Tuesday, July 15, 2008

Holy Fuck! "Let's get even with Japan."

So they put a disclaimer under my piece, and then run shit like this?
It should be treated as nothing less than a declaration of war against the rest of the world. The choice of weapon in this war started by Japan is not guns, missiles or atomic bombs, but a collective sense of determination emulating that of Jewish hunters pursuing those responsible for the Holocaust.

and
History is important because it serves as a reminder of past mistakes and helps prevent similar ones being made. In this sense, the latest Japanese claim to Dokdo may be looked at in years to come as the seed that led to new generations of Japanese having an inaccurate sense of history, perhaps encouraging them to repeat the actions of their forefathers without worrying about the ramifications. Therefore, this might not be an isolated issue that only affects Korea but one that could tie up the rest of the world into an even bigger knot.

With Japan the aggressor in this war of history, a two-pronged campaign to defeat it is needed.

First, at the first point of contact, Korea should take a stand. Its first mission is to get itself ready for a long war of attrition, meaning that it should refrain from reacting to every action and comment made by Tokyo. Secondly, politicians must not assume that Japan will change and behave.

For the rest of the world, it should be kept in mind that Korea is the first line of defense and offense, and that if it crumbles, it would soon be the turn of other countries.

For starters, let's try to derail Japan's bid for a permanent seat on the U.N. Security Council.

I don't have time to go through all the bullshit that finds its way into that local paper, but will just call your attention to one of their more irritating columnists---and that's saying a lot. Columnist Kim Heung-sook has written on Japan before, once implying that the harassment of a Japanese student was justified because of the Liancourt Rock issue, and later fantasizing about Japan being annihilated by North Korea.

You know, the thing about "sensitive issues" is that they're sensitive for more than one side. If there were only one party interested, the issue wouldn't be "sensitive" it would be "popular."

5 comments:

Roboseyo said...

I actually shouted at my coworker to stop reading to me from the Joongang Daily editorial on dokdo.

The same way Red Sox fans used to say "bucky ****ing Dent" I now say "****ing Dokdo"

and really, that's all I'm going to say about it forever more. i'm fucking tired of talking about it, and nothing new ever gets said, and it's just boring. boring, to hear the same dull rhetoric trotted out again.

until somebody tops the bee man, don't bother calling me.

Oh, Shinsano said...

I sometimes imagine these Korean-English newspapers as being kind of similar to my college paper...a bunch of people learning as they go, trial by fire, lots of coffee and snacks. Shitty rundown newsroom. Radio. People who work there that do nothing but lie on a couch and talk. Basically playing Western Media.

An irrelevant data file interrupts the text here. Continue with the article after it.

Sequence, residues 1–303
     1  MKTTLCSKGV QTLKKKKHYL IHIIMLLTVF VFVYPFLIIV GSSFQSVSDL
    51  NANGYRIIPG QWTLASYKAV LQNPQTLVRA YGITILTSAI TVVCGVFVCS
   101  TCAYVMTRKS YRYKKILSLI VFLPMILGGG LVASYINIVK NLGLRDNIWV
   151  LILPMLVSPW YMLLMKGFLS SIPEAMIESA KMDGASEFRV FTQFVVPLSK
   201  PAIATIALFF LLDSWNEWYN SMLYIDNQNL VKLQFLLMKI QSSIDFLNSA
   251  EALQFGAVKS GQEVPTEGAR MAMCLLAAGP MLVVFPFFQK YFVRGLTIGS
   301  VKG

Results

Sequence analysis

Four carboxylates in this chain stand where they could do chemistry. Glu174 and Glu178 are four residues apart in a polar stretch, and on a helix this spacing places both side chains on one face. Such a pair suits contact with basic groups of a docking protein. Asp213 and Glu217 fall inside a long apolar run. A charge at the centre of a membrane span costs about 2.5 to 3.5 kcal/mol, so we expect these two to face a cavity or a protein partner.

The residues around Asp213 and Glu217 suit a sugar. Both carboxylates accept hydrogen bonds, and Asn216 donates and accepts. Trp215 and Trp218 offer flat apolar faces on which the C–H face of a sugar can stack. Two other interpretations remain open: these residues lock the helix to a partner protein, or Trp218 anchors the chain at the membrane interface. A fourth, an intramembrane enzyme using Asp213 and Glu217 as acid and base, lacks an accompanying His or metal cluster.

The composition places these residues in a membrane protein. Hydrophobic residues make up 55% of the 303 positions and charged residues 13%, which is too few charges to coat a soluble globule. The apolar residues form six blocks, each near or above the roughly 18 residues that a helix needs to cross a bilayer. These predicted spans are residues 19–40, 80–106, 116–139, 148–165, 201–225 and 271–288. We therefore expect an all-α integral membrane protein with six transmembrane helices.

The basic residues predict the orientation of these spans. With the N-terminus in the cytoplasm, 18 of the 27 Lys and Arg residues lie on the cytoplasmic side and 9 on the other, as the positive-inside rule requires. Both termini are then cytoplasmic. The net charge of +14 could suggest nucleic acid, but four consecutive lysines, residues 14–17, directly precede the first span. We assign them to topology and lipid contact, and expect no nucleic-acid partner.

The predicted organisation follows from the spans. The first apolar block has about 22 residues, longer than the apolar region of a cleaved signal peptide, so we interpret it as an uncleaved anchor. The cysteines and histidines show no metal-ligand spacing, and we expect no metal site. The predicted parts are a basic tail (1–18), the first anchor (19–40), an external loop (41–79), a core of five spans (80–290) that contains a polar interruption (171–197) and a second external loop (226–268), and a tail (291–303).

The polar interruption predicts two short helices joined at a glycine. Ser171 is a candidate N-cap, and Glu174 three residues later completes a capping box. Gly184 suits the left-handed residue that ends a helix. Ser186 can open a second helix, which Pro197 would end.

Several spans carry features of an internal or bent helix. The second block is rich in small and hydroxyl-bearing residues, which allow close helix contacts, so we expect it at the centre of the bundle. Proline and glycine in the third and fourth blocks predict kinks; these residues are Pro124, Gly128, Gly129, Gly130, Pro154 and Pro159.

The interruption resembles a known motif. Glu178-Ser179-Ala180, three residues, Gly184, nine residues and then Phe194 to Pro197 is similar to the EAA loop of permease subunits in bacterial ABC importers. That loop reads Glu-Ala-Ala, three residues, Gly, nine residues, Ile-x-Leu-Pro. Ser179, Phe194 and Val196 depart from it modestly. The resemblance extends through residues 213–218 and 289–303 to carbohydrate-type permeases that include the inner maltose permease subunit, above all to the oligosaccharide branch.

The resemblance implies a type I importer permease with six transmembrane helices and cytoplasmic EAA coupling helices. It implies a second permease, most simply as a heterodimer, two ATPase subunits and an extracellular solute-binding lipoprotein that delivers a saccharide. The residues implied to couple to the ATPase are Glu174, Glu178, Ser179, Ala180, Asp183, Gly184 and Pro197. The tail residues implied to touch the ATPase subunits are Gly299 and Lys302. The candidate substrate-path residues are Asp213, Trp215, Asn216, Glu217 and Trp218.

But then every once in a while some dick in a position of power takes it upon himself to write something like this and everything they've learned goes out the window. Back to the propaganda machine.

hereticxxii said...

I agree that Koreans have a blatant overreaction to the issue of Dokdo over the years.

However the issue of Japanese text misrepresenting Japanese role in colonization Asia, WWII, and Dokdo as a Japanese territory is a serious issue that needs to be addressed by not only Korea, but the world community at large.

Of course setting the rabid hounds of Nationalism at the problem is hardly a way to address it.

But when it comes to Japanese Text books I believe Koreans have a legitimate gripe with Japan. How they go about it is a different story. Frankly both Japan AND Korea would benefit from settling these matters soon, by what ever effect intergovernment means are available.

Brian said...

With all the hysterics and over-the-top nationalism that goes on when Korea deals with Japan, it's very tempting to be an apologist for Japan and say "grow up Korea." And while I understand all the reasons why Korea feels Dokdo is important, most of the time I feel the dispute is pretty lame, at least how it's being carried out now, and would be better handled a different way. But, you're right about those Japanese textbooks. Very troubling.

http://en.wikipedia.org/wiki/Japanese_history_textbook_controversies

The historical amnesia that occurs in Korea, China, and Japan is very serious and something that deserves more attention in the West. I don't think any of these historical disputes will ever be solved by the nations involved. Too much pride, stubbornness, and face at stake.

hereticxxii said...

I think there is something deeper that prevents issues like Japanese Text books, Dokdo, Japanese occupation in China, etc. Asian politicians just seem incapable of confronting difficult issues head on and instead resort to tactics like the textbooks. Which ensure that the issue will never be resolve and will crop up again and again.

Ultimately you are right the issue is immensely boring and tired. I wish they would wrap it up so S. Korea and Japan can work togather to tackle real issues in the region.